An Introduction to Wedding Photography for Beginners
Shooting a wedding is a demanding and high pressure task to undertake in which there’s no time for mistakes and retakes. It’s crucial that you get it right the first time.
If you’ve never shot a wedding before then it’s important to prepare and research everything ahead of time, so here’s a few pointers to get you started.
Meet the Couple
The first step before you start planning anything is to meet up with the couple and talk about their requirements and any special requests, such as if you can use flash in the ceremony and if there’s particular areas they don’t want you shooting from.
Write a List
This step is an important one that you need to plan in advance and make sure you don’t skip it. Take some time to sit down with the couple and write a list of some key guests they want shots of and who to include in the group shots. If you don’t do this then you risk leaving out some key family members, and the couple won’t be impressed if they receive their photos and notice that for example you haven’t included their grandparents in any of the shots.
Check Out the Locations
I’d highly recommend checking out the locations with the couple beforehand to choose a few spots to shoot in so on the day both you and the couple will know what to expect and this will help to ease some tension. While you’re there it’s a good idea to take some test shots in different spots and practice a few poses and get the couples input on this.
Practice Before the Event
Practicing before the event is key for a successful shoot so if all you do is read about it without any practical experience shooting people then you’ll be setting yourself up for failure.
If you’ve been asked to shoot a wedding then chances are you have a fair amount of experience in photography and you’ve at some point taken photos of people, even if it’s on a smartphone or compact camera. An easy way to practice this is by photographing your friends or family around the house and perhaps you could take them to the wedding locations.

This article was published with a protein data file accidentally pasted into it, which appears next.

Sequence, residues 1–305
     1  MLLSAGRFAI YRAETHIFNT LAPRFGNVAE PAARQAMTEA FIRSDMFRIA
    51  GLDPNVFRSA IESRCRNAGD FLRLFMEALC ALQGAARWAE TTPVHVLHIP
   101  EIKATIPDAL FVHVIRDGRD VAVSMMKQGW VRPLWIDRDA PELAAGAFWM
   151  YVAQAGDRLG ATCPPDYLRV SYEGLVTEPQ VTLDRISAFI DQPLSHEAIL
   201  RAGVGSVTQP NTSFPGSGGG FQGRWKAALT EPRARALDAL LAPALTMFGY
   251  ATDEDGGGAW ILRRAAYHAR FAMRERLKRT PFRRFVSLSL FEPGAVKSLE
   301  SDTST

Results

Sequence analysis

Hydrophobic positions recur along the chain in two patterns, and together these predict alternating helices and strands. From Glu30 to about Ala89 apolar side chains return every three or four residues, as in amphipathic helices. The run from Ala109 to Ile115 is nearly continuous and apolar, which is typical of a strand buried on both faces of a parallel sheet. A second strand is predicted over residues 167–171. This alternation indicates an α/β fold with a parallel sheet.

Preparation is Key
There’s nothing worse than not knowing where you need to be and when, so to avoid this make sure to keep a schedule of the day on hand and get this in advance if possible. One important thing to plan, especially for the ceremony is the positions you’re going to shoot from and how you’re going to move between these positions, so make sure to scout out the inside of the building beforehand. A good time to do all this is at the wedding rehearsals, which the couple will probably be happy for you to attend.
Take a Second Photographer
Taking a second photographer or requesting the couple to find one can be a huge help and will take a lot of the pressure off you, for example in the event your photos don’t all come out well or you miss some shots then there’s a good chance your backup photographer has these shots. Another benefit is you could delegate them to shoot only the guests for example so you can focus on shooting the bride and groom.
Request an Assistant
If you’re not familiar with the couples family and guests then it can be difficult trying to round them up for group shots etc. so it’s a good idea to get the couple to choose one of their family members to do this.